Wednesday, April 24, 2013


sign and photo courtesy of easterncaster

H: April 23, 2013: With closing on my fishing shack postponed yet again, I decided to stop by the Wild Trout Flyrodders' casting rendezvous on Saturday. I saw some good demos, said hello to friends, and watched members of the new Catskills ACA (American Casting Association) Club practice for future games. I even stepped up to the plate and tried my hand at one of the accuracy events. Not quite sure what got into me... ;)

West Branch of the Delaware River
west branch
Unfortunately, strong storms the night before knocked out power and blew out the rivers making fishing afterwards rather pointless. Nevertheless, I went out and cast streamers with my spey rod for a couple of hours on the West Branch—a futile but enjoyable exercise. It was incredibly windy, barely a hendrickson in sight.

Still, I'm glad I went up. Besides hanging out with fellow casting geeks (always a pleasure :), I sat in on a technology for teaching workshop and learned about Ubersense, an iPhone and iPad coaching app that I hope to use on the guinea pigs ;) students at the Juliana's Anglers' school this coming weekend. It's a HD video app that allows you film, playback in slow motion, annotate using a variety of drawing tools (lines, angles, circles), record audio feedback, compare videos side-by-side, and share immediately with your student.

I know that watching video of my casting has been instrumental in my own improvement. Those images are still stuck in my head and whenever I feel my technique slipping, I remember what I learned from them and try to apply it. I'm definitely downloading the Ubersense Golf app for my dad, so he can see just how awful inefficient his golf swing is ;), and hopefully use it to get better.

Ubersense is uber-cool, uber-useful, and I highly recommend it!

Monday, April 15, 2013

The Connetquot

H: April 14, 2013: Yesterday, I met up with our club president, Linda Hotchkiss, for a tour of the Connetquot River State Park. The Juliana's Anglers will be holding their annual women's fly fishing school there in 2 weeks, April 26-27th.

Gil, the park manager and only male (honorary) member of the Julianas, showed us around the main buildings. He's been taking care of this 3,473 acre nature and wildlife preserve for over 65 years. It's chock full of glorious history and Gil will happily tell all, discreetly. Originally the Southside Sportmen's Club, presidents, princes, chancellors, and captains of industry, have all fished and hunted here (not to mention numerous Julianas!).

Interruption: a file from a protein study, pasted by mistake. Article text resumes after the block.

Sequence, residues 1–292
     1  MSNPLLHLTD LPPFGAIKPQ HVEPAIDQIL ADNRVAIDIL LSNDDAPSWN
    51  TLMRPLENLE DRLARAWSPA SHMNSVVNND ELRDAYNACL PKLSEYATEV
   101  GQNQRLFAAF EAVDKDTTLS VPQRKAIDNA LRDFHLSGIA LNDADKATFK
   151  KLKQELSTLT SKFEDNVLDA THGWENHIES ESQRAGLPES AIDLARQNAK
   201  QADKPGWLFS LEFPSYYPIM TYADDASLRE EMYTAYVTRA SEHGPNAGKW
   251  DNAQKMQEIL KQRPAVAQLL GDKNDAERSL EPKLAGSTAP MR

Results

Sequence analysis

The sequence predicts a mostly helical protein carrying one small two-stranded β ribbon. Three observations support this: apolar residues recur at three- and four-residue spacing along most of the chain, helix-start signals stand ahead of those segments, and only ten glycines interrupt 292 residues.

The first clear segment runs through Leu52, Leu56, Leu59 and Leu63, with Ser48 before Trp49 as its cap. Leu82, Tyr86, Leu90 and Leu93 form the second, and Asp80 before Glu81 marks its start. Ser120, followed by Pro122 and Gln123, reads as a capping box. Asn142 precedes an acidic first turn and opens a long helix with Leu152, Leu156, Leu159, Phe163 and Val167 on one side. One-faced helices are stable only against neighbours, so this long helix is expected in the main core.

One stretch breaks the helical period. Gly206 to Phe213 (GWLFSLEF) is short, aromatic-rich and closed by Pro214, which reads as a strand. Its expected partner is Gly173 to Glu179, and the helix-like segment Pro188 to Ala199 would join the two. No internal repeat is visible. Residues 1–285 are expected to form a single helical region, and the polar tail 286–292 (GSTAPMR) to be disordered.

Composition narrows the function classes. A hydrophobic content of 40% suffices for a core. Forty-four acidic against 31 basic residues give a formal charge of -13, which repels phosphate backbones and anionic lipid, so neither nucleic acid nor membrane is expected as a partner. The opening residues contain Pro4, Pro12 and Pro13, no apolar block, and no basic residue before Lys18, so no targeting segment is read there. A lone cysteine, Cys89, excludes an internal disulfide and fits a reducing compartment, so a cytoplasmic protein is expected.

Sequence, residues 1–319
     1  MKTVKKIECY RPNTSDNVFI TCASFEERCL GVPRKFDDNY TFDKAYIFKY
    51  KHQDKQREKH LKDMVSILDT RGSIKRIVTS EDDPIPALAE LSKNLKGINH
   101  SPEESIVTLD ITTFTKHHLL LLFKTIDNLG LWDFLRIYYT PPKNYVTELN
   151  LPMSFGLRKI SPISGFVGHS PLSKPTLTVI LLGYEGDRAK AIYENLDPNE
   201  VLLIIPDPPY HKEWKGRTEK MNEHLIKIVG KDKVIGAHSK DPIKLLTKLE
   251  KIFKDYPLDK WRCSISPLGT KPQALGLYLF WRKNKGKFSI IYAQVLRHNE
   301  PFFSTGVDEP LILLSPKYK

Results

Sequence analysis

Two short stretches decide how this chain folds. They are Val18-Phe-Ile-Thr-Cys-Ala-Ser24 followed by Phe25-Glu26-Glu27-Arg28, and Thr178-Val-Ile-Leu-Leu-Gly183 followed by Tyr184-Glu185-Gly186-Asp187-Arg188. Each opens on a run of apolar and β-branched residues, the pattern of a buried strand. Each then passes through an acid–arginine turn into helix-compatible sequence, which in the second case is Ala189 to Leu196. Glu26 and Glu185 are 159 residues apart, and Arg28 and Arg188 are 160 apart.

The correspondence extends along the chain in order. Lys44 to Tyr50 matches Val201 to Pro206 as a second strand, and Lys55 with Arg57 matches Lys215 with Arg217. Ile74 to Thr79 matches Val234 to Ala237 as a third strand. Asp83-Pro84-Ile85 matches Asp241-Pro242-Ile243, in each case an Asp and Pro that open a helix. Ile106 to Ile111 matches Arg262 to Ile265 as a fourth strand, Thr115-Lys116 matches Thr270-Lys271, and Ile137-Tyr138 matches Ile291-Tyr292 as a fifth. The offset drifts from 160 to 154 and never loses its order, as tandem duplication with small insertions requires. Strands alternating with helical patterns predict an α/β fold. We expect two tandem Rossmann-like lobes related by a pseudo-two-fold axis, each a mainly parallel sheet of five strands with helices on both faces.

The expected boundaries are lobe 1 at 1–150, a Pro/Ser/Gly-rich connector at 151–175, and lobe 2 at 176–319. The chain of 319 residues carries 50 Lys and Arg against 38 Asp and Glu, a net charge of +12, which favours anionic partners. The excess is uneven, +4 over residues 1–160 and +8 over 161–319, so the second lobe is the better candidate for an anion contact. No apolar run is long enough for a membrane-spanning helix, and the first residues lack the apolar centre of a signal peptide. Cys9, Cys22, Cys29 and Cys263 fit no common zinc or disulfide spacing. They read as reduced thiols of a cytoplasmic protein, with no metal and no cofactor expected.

Linda shared some stories from the glory days when anglers would line up before dawn to secure the best beats. She spoke of previous Julianas' schools held here when the Connetquot was teeming with fish. Back in those days, you had to shove trout out of your way as you struggled to wade across the river unaccosted ;). Teaching students also proved to be quite difficult, when attempts to demonstrate the line mends required for the proper dead drift of a dry fly would be rudely interrupted, almost instantaneously, by an agressive take ;).

Those days are long gone due to IPN (infectious pancreatic necrosis) which wiped out most of the juvenile trout population and closed the Park's hatchery in 2008. Since then, the DEC in conjunction with scientists and other conservation groups have conducted extensive research and apparently there are plans to reopen the hatchery some time in the future using eggs from IPN-free stock and cultivating them in water from a newly drilled well. We'll have to wait and see if she can return to faded glory. Meanwhile the show (school) must go on...

The Connetquot river on Long Island NY
Thick weed/cress beds and abundance of overhanging branches makes for challenging fishing on the Connetquot.

A couple of months ago, the ladies asked if I would be interested in teaching casting at this year's school. After several early refusals, I finally agreed (took the bait ;). This will be my first official teaching gig. Yes, I'm nervous... but also excited to help new anglers learn this sport I love so much.

It's a good thing I had a chance to scout things out (Thanks, Linda!). I had heard the Connetquot was a small, intimate "spring creek" but I saw firsthand on Saturday just how challenging the conditions are. There are trees and shrubs and overhanging branches everywhere! Add to that crystal clear waters, slow currents, and thick weed/cress beds and even an experienced angler, not to mention a beginner, will have his/her hands full. Forget overhead casting—there's no room for it, except from a few of the platforms. Accurate roll casting, a couple of singlehand spey moves, and a 4-weight outfit is all you need. Well, a few fish would be nice, too! There was no sight or sound of them on Saturday.

Fortunately, I've had very little time to think (or worry) about my first teaching gig. Looks like I will finally be closing on my fishing shack later this week. Wish me luck in both endeavors!